• Why is this setting important to them?

Fern sees the village as a secure place, somewhere she can avoid life and restrict her time to her family and Dougal. For Raven, the village is all about family ties, childhood memories and community spirit.

  • How do they feel about this setting?

Fern considers it to be her safe haven, calm and steady. No nasty shocks or unexpected dramas. Raven, on the other hand, does feel a sense of claustrophobia at times. Yet, she also appreciates how it makes her feel comfortable and competent.

  • What does the setting look like?

Framleigh is centred around a village green. The old Tudor Manor House is now a hotel. The village pub and the community centre at the church are the regular haunts for Nessa and Raven. The river Sreve skirts the village, marking the boundary between the hamlets of Frampton and Tonleigh. To the west is town of Gaukwich, where other facilities exist (police station, Post Office, Library)and the ‘big’ city of Worford lies approx twenty miles to the east, through arable land and midsized farms boasting award-winning livestock breeds.

  • What does the setting smell like?

The village now boasts a mix of old-world charm, farm land and the occasional office block giving a nod to more modern times. Traffic has increased, bringing pollution to the area and smog, which together with the stench of farmer’s spraying crops, animals and hops gives the area a unique and varied perfume. On top of that, the villagers partake in traditional activities such as cook-offs (cheese, jams, cakes and local ale  all feature heavily.

  • What does the setting sound like?

Generally peaceful, except on market day or during fetes, when the local hotel and shops are filled with tourists and competitive stallholders vying for prestigious rosettes.

  • Is there a taste or touch sensory experience related to this setting?

The experience is one of overwhelming peace and quiet,except during rush hour or when the schools end for the day.

  • What role will this setting play in your story?

The setting provides both background and back story and memories. In future stories, for example in Heirlooms & Heiresses, the village and its residents, facilities and layout feature more heavily.

  • How would a stranger coming into this space feel?

The vibe is calm and unsuspecting, homely and comfortable, quaint and traditional – but with modernity advancing at a steady pace in future tales.

Welcome To Framleigh – Have a Good Stay 🙂 

R is for … Raven Hegarty

Character profile.

Name: Raven Hegarty

Age: 25

Description: Black-haired, 5’9, brown eyes, olive skin, very attractive. No fuss girl, no make-up, or jewellery.

Lives in Framleigh (a fictional village in Warks), with her mum, Rachel. Boyfriend is Finn Delaney (PC at local station, was a trainee with her and they re-met when she began her Tae Kwon Do classes – he is a part-time instructor at the community centre)
She was training to be a PC when her mum was diagnosed with MS. Gave up her career to care for her mum and worked in a supermarket to make ends meets, but resigned out of boredom – and after a masked gang raided the store during one of hers shifts.)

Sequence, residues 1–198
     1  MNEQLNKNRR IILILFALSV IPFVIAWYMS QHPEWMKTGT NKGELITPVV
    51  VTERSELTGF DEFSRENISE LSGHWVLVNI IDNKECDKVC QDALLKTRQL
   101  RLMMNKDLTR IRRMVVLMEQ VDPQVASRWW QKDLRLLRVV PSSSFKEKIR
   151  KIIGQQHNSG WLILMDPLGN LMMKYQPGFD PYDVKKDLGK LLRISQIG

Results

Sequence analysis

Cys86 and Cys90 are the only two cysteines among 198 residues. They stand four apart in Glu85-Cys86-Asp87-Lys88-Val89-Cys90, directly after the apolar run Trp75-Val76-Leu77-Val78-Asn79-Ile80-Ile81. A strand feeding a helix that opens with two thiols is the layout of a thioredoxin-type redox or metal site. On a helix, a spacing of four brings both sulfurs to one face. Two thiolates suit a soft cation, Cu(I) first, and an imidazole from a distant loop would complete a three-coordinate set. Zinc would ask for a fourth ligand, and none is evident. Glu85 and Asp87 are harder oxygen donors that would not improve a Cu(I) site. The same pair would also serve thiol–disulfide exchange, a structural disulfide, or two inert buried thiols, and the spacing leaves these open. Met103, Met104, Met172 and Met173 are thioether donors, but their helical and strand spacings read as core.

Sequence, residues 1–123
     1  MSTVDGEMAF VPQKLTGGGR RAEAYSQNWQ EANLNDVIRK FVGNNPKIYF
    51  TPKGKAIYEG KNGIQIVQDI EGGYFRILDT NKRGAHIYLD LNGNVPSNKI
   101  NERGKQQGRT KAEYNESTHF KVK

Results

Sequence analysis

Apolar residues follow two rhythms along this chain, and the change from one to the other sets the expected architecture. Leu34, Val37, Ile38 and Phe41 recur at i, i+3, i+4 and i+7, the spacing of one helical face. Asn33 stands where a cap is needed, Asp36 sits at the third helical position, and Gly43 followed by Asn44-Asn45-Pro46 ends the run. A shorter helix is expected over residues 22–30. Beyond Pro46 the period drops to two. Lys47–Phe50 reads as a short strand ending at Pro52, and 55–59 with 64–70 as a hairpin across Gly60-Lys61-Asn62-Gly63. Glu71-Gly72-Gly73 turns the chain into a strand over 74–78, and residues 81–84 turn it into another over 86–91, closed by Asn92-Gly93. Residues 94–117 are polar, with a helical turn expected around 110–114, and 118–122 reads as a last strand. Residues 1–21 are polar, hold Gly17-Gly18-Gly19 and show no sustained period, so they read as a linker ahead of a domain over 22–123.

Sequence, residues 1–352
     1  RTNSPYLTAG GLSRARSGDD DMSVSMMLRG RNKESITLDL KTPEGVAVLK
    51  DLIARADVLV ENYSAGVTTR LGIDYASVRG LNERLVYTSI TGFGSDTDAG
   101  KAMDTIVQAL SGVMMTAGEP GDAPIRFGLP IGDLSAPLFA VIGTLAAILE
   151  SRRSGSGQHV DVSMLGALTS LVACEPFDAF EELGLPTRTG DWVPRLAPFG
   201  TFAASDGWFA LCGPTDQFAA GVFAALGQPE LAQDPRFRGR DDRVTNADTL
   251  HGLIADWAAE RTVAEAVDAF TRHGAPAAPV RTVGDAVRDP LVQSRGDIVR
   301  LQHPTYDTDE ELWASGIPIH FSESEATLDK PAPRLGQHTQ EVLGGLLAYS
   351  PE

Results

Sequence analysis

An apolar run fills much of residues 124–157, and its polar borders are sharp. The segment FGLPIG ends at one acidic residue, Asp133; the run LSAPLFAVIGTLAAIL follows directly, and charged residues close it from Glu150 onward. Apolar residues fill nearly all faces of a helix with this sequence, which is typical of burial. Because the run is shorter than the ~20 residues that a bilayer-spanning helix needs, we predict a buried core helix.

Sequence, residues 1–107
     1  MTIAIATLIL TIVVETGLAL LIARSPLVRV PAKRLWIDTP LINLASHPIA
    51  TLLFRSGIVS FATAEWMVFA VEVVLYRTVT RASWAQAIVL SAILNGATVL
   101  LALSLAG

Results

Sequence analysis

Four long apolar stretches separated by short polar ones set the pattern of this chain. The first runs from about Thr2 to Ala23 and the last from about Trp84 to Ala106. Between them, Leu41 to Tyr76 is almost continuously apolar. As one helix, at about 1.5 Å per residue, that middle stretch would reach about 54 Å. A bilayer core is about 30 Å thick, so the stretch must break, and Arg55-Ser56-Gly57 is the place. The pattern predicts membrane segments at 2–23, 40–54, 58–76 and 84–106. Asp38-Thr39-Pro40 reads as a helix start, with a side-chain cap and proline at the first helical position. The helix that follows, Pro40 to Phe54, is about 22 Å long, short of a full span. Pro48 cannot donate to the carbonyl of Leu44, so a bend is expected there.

When her mum’s condition deteriorates, Raven is forced to accept help from the community. As she realises that she cannot be the carer her mum needs, she decides (encouraged completely by her mum) to retrain. Upset at missing out on her chosen police career, she is keen to work in a similar field, and retrains as a PI so she can work from home. She yearns for fulfilment, to feel that she is making a difference. She detests injustice of any sort and has attended many protests and demos to have her voice heard.
When a former very close friend (Nessa) chose a new man over her (and Fern) during a recent and much-needed holiday, Raven was incensed. The fact that the man was using Nessa and tried to drown Fern resulted in them attending his trial in Portugal and Nessa still stood by him. Raven disowned Nessa and became best friends with Fern, the victim.

Her mum, Rachel, is also dark-haired, but greying at the temples. Slim build. Pale skin, often in pain but puts on a smile.

Finn is tall, strawberry-blond-verging-on-ginger, wavy hair, broad-shouldered, big hands, grey eyes. Quite serious. Fascinated by forensics, wants to branch off to CID. Allergic to animal hair.

She is a sociable woman, loves pubs and dancing, gets on well with old folk since she admires their values and stories of past adventures. She has no time for misbehaved kids, jobsworths, call centres, salesmen in general (Smarmy smooth talkers)
Enjoys going to the rifle range with Finn. Takes mum to various support centres at hospital. She is determined and focused. Raven is a fighter. Impulsive, hot-headed, loud, abrasive and opinionated She doesn’t suffer fools. Acts first, thinks later. Too quick to get involved. Meddlesome. She has been stuck in a rut for the last two years and yearns for excitement and something to focus her intelligent mind on. Assuming that her loved ones are safe, she will jump into any adventure feet first and trust her instincts for a successful outcome.
But she is a very faithful friend – unless betrayed.
She is scared of getting MS like her mum yet avoids doctors in case something is found.
Feels betrayed by Nessa, but misses her friendship. Feels let down by officialdom and has a deep loathing for bureaucracy and paperwork of all sorts..

Raven is the glue in the story and holds much of the cast together. Her reactions are always pivotal and wide-reaching.